An Ordinary Man explores what the Academy Award-nominated film Hotel Rwanda could not: the inner life of the man who became one of the most prominent public faces of that terrible conflict. Rusesabagina tells for the first time the full story of his life, growing up as the son of a rural farmer, the child of a mixed marriage, his extraordinary career path which led him to become the first Rwandan manager of the Belgian-owned Hotel Milles Collines, all of which contributed to his heroic actions in the face of such horror. He will also bring the listener inside the hotel for those 100 terrible days depicted in the film, relating the anguish of those who watched as their loved ones were hacked to pieces and the betrayal that he felt as a result of the UN's refusal to help at this time of crisis.
Including never-before-reported details of the Rwandan genocide, An Ordinary Man is sure to become a classic of tolerance literature, joining such books as Thomas Keneally's Schindler's List, Nelson Mandela's Long Walk to Freedom, and Elie Wiesel's Night. Paul Rusesabagina's autobiography is the story of one man who did not let fear get the better of him, a man who found within himself a vast reserve of courage and bravery, and showed the world how one "ordinary man" can become a hero.
©2006 Paul Rusesabagina; (P)2006 Penguin Audio, a division of Penguin Group (USA) Inc., and Books on Tape. All rights reserved.
"Now, thankfully, we have not just his words but a whole book." (Library Journal)
I just finished listening to "An Ordinary Man." It was an unbelievably poignant autobiography of the man that ran the hotel that the movie "Hotel Rwanda" was based on. It is not an easy listen. "Man's inhumanity to man" is really hard to believe. But, it is very well done and captivated me. I highly recommend this to anyone who is interested in hearing the behind the news media sound bite story of the genocide in Rwanda and how one man made a difference.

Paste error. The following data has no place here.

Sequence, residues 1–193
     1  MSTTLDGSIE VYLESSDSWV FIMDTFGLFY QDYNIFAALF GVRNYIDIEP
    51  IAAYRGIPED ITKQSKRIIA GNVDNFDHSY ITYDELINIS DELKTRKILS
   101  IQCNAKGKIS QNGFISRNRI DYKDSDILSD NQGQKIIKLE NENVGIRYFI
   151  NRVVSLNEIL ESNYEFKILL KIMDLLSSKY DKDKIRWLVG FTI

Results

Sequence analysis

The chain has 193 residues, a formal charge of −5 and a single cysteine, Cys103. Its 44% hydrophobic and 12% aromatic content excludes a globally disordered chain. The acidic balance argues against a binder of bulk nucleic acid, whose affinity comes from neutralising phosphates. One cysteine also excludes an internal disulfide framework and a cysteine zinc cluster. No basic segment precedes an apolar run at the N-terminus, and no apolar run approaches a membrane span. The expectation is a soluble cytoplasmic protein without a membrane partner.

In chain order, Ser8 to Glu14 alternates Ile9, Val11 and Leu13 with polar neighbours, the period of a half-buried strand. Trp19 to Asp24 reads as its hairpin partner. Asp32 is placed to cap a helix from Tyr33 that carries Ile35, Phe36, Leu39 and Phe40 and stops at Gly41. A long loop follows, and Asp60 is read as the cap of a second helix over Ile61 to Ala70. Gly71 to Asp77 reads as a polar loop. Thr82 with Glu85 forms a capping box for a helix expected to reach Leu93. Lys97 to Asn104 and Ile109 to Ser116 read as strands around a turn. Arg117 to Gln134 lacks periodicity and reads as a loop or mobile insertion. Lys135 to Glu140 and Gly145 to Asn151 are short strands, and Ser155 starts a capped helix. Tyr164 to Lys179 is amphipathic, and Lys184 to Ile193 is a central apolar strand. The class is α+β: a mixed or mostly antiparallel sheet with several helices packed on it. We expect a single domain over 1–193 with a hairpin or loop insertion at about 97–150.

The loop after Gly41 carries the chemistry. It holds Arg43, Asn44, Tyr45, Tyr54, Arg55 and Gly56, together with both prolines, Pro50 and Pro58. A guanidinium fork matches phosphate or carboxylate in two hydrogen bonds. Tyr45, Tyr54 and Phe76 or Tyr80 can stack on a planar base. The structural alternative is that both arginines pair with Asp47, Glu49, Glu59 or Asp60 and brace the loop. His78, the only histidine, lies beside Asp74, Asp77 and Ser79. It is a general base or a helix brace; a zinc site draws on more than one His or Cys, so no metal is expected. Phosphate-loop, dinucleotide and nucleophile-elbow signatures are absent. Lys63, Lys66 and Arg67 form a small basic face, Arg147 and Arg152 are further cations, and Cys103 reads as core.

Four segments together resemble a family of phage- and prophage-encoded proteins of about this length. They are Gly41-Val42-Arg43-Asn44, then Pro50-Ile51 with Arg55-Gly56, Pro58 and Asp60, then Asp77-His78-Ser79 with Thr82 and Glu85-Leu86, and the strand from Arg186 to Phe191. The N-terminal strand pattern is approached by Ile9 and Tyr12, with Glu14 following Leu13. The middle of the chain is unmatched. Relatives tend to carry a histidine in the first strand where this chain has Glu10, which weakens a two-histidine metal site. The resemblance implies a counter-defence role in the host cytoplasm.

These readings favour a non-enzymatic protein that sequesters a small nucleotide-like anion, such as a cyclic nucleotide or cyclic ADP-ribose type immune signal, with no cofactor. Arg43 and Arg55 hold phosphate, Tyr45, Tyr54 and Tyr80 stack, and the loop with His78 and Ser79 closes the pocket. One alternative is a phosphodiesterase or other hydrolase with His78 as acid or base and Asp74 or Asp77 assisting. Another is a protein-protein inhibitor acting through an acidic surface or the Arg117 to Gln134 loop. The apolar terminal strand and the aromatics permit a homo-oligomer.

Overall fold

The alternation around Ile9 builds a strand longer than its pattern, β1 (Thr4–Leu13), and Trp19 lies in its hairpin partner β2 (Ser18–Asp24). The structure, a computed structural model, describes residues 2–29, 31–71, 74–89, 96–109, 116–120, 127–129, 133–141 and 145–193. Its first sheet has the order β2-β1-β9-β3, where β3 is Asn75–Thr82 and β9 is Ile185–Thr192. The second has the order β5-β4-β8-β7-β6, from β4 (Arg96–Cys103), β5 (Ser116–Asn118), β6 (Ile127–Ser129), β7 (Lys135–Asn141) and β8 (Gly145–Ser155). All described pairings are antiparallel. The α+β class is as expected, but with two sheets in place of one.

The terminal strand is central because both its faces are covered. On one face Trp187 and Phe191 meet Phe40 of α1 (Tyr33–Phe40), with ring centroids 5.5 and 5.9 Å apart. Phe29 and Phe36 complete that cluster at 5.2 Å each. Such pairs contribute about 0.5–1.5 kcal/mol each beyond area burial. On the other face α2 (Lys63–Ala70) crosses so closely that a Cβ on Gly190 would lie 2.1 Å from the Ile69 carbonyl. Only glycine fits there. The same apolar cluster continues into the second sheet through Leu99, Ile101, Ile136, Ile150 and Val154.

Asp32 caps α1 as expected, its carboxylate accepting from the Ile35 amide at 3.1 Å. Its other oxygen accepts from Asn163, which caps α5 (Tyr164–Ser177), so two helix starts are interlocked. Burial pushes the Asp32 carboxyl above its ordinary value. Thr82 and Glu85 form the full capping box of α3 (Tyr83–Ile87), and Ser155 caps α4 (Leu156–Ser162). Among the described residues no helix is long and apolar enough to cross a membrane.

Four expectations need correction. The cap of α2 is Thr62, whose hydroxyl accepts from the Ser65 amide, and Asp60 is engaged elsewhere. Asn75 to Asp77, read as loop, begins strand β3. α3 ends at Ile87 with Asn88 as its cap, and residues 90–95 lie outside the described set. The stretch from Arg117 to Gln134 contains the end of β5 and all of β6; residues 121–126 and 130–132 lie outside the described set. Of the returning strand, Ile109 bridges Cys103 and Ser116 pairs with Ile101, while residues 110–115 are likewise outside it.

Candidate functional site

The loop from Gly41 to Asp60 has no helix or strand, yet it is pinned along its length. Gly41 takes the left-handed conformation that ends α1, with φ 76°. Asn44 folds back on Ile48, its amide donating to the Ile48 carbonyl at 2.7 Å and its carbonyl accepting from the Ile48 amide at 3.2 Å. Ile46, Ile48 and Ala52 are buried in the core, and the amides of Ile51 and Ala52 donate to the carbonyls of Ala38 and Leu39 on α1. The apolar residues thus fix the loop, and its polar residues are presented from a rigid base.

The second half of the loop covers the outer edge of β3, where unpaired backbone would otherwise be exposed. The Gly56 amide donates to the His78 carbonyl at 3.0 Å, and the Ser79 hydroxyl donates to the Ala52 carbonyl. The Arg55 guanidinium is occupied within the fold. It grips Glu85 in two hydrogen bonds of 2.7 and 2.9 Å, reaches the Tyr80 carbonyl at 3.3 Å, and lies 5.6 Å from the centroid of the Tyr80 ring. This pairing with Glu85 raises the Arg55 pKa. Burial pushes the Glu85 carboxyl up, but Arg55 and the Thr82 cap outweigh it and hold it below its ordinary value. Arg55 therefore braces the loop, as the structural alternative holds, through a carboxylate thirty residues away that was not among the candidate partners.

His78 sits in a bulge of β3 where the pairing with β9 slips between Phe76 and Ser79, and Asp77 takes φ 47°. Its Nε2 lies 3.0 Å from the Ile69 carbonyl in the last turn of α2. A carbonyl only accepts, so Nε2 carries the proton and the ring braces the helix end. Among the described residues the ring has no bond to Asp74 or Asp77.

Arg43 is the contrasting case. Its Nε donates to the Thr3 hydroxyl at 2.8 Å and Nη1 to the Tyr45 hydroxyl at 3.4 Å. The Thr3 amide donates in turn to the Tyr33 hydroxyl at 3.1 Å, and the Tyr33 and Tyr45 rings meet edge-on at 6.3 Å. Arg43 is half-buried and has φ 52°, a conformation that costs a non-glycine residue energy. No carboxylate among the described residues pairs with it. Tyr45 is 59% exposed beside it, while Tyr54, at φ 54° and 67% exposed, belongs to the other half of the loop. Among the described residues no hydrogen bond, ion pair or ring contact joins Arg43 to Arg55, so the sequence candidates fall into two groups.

By the time I was halfway through Paul Russesabagina's An Ordinary Man, I knew two things. 1. The Movie Hotel Rwanda tells a tiny fraction of his story, and 2. I have never done anything hard in my life.
Russabagina's 100 days in the Spring of 1994, when he cared for his Family and over 1200 refugees and employees during the Rwandan genocide, may be the single greatest leadership event of the 20th century. Students of leadership will certainly balk at that comment, but not after they read this compelling autobiography. I thought that I was reading an account of one mans experience, but I found myself taking notes on life, leadership, communication, and the complexities of good and evil from a master teacher. Have a pen and paper nearby before you dig into this one.
With much of the book dedicated to his life before and after the genocide, his insights to life make it obvious that Russesabagina would be an extraordinary soul even if he hadn't been through the horror that was Rwanda in those days.
Another book has been added to the "Must Read" list.
Amazing story of personal commitment, passion of the human spirit, desire to live, and phenomenal negotiation skills in the face of genocide. Recommend to all!
Having worked in a Rwandan mission hospital with many who are survivors of this terrible event, this book is an incredible account of the happenings particularly in and around Kigali. It also gives an historical account of the events leading up to the clash between the Hutu and Tutsi tribes. Courage, savvy and a cool demeanor enable one man to save many. For another view, those interested in this event are also encouraged to read Romeo Dallaire's "Shake Hands with the Devil."